Showing posts with label Dogs. Show all posts
Showing posts with label Dogs. Show all posts

December 12, 2013

Does Your Dog Tilts His Head When You Talk to Him/Her?


I have fond memories of my Beagle, Darby, coming into the kitchen when I was preparing dinner. I would casually chat with him, and when I would turn to him to say something he would cock his head to the side in a most endearing manner. Many people report that when they are speaking to their dog their pet often tilts its head to the side, and some have asked me about why that happens.
dog pet canine head tilt shape muzzle communication human bond gaze voice

Unfortunately, up to now, there is not been much research on this issue, although there has been some speculation. Some people have suggested that dogs tilt their heads to the side when we speak to them so that one ear can hear more clearly what we are saying. Others have suggested that it is a social signal—perhaps the dog recognizes that we respond to that particular posture in a positive way (because it is so cute) and therefore the dog adopts this position because they are more likely to get smiles and rewards when they do.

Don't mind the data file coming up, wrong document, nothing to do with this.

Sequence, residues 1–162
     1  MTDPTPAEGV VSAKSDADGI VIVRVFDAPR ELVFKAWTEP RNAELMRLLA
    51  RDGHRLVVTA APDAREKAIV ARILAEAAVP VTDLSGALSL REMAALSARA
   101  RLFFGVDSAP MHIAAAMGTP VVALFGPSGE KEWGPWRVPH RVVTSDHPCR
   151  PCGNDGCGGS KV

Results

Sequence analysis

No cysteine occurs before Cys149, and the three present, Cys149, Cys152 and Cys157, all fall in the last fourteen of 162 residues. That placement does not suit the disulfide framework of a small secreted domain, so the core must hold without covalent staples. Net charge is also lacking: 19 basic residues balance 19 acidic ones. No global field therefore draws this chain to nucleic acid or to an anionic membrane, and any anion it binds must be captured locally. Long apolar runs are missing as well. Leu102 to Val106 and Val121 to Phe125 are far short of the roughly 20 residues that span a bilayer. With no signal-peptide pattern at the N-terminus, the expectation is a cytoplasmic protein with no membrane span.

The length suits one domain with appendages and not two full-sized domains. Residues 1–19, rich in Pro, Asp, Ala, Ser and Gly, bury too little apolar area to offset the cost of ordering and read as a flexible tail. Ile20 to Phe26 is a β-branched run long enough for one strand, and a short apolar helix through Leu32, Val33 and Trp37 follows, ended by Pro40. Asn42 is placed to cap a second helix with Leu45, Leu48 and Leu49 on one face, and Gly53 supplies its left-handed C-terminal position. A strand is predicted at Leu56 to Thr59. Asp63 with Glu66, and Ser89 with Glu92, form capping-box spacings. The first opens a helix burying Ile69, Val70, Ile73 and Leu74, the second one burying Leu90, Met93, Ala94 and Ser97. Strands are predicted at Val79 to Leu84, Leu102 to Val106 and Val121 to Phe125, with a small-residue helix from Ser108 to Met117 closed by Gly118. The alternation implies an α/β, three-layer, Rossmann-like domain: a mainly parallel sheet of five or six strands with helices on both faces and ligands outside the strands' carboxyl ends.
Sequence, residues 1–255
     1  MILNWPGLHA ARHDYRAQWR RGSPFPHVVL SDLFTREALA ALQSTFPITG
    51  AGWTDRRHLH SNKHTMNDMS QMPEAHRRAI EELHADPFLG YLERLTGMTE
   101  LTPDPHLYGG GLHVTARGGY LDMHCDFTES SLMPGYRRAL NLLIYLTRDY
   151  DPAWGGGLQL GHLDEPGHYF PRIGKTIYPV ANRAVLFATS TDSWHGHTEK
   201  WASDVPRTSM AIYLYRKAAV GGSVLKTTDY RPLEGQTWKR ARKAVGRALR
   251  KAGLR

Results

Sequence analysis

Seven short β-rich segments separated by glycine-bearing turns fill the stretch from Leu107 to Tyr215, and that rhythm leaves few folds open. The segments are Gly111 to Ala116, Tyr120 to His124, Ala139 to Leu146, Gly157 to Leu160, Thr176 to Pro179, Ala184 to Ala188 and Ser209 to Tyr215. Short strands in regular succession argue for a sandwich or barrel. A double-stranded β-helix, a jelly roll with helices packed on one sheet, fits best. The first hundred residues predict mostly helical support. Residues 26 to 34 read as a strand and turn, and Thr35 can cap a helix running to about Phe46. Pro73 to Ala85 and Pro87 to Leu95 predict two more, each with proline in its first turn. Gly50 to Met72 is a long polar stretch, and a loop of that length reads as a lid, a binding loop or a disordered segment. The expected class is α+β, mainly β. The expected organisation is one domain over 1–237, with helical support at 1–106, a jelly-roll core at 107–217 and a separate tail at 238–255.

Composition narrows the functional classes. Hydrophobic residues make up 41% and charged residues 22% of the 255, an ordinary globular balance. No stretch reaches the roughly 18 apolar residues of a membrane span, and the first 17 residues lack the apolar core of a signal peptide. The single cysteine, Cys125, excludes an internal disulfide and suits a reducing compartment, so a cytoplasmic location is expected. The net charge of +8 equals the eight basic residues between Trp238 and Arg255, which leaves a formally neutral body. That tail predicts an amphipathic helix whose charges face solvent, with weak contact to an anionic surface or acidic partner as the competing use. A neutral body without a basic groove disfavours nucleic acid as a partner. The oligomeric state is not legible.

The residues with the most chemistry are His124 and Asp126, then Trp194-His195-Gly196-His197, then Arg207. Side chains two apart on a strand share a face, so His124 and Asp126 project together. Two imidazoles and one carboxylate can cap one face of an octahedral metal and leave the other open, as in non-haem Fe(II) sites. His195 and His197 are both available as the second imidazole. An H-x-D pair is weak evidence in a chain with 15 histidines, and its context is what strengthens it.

I suppose it is because I worked and did research in the area of sensory perception for many years that it dawned upon me that the reason some dogs tilt their heads when we are speaking to them has to do more with vision, rather than hearing and social endearment. Try the following simple experiment; hold your fist up to your nose as in the figure here. Now, in effect, you are viewing the world with a head shape that has a muzzle like that of a dog. If you now look at a person's face you will find that the muzzle will some of your vision, and reduce your ability to see the lower part of the face. Remember it is this part of the face, particularly the mouth region, which is a vital component of human emotional expressions. Next, still with your muzzle in place, tilt your head when you are looking at the face. With this head posture you can now clearly see the mouth region.